Interview with Paul Holtom, Director of the Arms Transfers Program at SIPRI

In this interview, Paul Holtom, Director of the Arms Transfers Program at the Stockholm International Peace Research (SIPRI), answers questions about potential destabilizing trends in the arms trade, and the variety of factors driving sales in the five major import countries of India, South Korea, Pakistan, China, and Singapore. He also discusses efforts to monitor and thwart illegal arms trafficking.

SIPRI is known for assiduously maintaining a database on arms sales, using information from trade journals,  arms companies,  reports by NGOs, UN panels of experts, in addition to official data.

The interview was conducted by Maureen Quinn, Senior Adviser, International Peace Institute.

Listen to interview (or download mp3):

Interview Transcript

Maureen Quinn (MQ): Good afternoon. We are sitting here today with Dr. Paul Holtom, the Director of the Arms Transfers Program at the Stockholm International Peace Research Institute, known as SIPRI for short. Paul, thank you for coming today and agreeing to an interview for the Global Observatory.

The Stockholm International Peace Research Institute (SIPRI) is known for providing authoritative databases on global trends in international security, particularly in the area of arms transfers. How do you gather your data, and what kind of challenges do you face in doing so – certainly, this information is often not public and not necessarily willingly shared by governments concerned with secrecy.

Dr. Paul Holtom (PH): Thank you for the first question. I think that what we have done over many years now is solely use open source material for our data. So we acknowledge that we may be underestimating in some degree. But what we try to do is provide information that we are confident that relates to actual deals or deliveries that are ongoing.

So, for example, we may use information from trade journals, from arms companies, we’ll use reports by NGOs, UN panels of experts, official data. And what we try to do is, in cases where we are uncertain in terms of some open source materials, we try to verify and cross reference. So we very rarely put in information for the public that we only have one source to support.

We try to triangulate across a number of independent sources very often trying to make sure that we have information from perhaps the supplier side as well as from the recipient side. There is actually a lot of information behind the public database, where we are uncertain about the veracity of the information. So we try to be cautious.

MQ: Your data shows that in recent years the volume of international arms transfers keeps increasing, including during the recent global financial and economic crisis which has led to sharp contractions in other sectors. Would you go as far as to say that there may be a connection between economic instability and conflict, as measured by the demand for weaponry?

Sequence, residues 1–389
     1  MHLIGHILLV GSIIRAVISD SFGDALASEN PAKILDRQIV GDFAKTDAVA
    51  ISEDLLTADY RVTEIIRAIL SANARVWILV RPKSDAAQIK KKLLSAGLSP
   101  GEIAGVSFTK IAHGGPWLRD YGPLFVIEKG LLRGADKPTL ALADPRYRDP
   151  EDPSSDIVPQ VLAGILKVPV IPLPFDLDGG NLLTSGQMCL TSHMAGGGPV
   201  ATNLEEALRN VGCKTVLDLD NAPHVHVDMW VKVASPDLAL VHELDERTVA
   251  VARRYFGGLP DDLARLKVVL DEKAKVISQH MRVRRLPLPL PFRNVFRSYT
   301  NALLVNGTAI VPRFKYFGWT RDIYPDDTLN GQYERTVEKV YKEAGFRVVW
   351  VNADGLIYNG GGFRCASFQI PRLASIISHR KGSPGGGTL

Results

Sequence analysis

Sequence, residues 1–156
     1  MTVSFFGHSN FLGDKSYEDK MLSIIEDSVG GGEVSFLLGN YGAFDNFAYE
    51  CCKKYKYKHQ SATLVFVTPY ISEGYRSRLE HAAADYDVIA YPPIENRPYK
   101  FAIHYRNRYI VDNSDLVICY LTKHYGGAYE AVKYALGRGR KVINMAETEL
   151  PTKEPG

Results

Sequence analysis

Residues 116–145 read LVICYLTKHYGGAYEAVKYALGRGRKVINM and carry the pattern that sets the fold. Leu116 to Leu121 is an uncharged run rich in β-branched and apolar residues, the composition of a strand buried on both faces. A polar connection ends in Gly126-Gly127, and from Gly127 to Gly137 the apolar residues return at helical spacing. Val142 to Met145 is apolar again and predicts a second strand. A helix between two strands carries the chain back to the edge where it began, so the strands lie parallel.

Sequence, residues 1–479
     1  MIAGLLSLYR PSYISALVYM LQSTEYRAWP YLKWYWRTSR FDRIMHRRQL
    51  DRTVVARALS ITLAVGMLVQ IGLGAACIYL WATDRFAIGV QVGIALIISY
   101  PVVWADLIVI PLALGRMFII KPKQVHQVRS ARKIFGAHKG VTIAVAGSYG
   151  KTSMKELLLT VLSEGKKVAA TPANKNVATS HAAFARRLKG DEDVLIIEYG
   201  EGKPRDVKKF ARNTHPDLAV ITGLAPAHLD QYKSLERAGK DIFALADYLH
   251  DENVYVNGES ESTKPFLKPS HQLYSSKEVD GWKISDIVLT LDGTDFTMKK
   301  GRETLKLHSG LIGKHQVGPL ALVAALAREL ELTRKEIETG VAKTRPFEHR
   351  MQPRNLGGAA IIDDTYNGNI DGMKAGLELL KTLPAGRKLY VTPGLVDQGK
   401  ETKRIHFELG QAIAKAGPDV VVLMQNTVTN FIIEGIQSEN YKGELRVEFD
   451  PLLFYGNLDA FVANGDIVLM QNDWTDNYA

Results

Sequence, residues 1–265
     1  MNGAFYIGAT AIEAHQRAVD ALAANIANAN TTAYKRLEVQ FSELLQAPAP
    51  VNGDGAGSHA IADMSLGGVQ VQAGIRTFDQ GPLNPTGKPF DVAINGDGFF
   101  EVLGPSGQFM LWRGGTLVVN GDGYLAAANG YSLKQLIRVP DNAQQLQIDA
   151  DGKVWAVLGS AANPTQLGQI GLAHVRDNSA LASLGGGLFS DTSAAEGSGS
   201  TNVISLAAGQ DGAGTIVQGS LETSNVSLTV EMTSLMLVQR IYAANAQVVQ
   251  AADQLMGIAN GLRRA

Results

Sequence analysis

PH: I think that on the first one of the things that is worth stressing is that the information we provided in terms of the statistics relates to deliveries and in some cases these orders would have been placed before the financial crisis. So for us, perhaps we’ll see the effects further down the line.

But I think that you are correct in terms of it is more than just economics that determines this and that there is also a very mixed picture across the world. We have seen in some cases a strong correlation between states that have benefited from the strong oil and gas boom years and in terms of them being major recipients of conventional weapons. But there is certainly a correlation generally for mil-ex [military expenditures] and arms transfers on the import side with regards to strong economies.

There is also the fact that security is a key driver in many of these areas. And that, therefore, in some cases limited budgets and resources are put into the security sector at the expense of other areas. And you see this in some of the regions that we flag up in our latest data in our report. So I think that those are some of the aspects that I would flag up there in terms of the lag and I think that also the other factor would be that it may be that the procurement plans may be lower as a result of the financial crisis and that is difficult for us to show in terms of our data. There still may be the acquisition of twenty combat aircraft, but perhaps a few years ago, the intentions were to acquire forty. We see that very much with European states and especially with cooperative projects with the U.S. where there has been a scaling back and readjustments there.

MQ: Where do you see the potentially destabilizing trends in arms transfers?

PH: I think that in the report we highlight a number of sub-regions. The South Caucasus is one where I am particularly interested and concerned with the steep increases in terms of acquisitions by Azerbaijan. And also the recent rhetoric from the Armenian side to also seek, to try if not match that, but certainly increase their acquisitions.

We also see some acquisitions of concern in East Africa, but these are perhaps not so much to do with conflict-related, but with appropriateness. So the acquisition by Uganda of SU-30 advanced multi-role combat aircraft seems out of all proportion with the actual security needs of that country. That’s an acquisition that we think could have been better made with perhaps helicopters or something that is cheaper to maintain and to procure. We have also seen some movements from Ethiopia and Kenya. To what extent that is related to involvement in Somalia, it is unclear, but there is also obviously in recent days the Ethiopian-Eritrean border issue. So that is another issue we are focusing upon there.

There also some dramatic increases in North Africa with Morocco and Algeria, reactive arms acquisitions there. And I guess the interesting thing is that very much in the Algerian case the rhetoric is about confronting AQIM [al-Qaeda in the Maghreb], but the acquisitions that we see are much larger scale. And that relates I think to the regional rivalry with Morocco.

MQ: The key questions in arms transfers are who makes these weapons and who uses them, that is who are the suppliers and who are the recipients. We are particularly interested in the regional trends in this context. Could you tell us who are the main suppliers? Has the supplier landscape changed in recent years?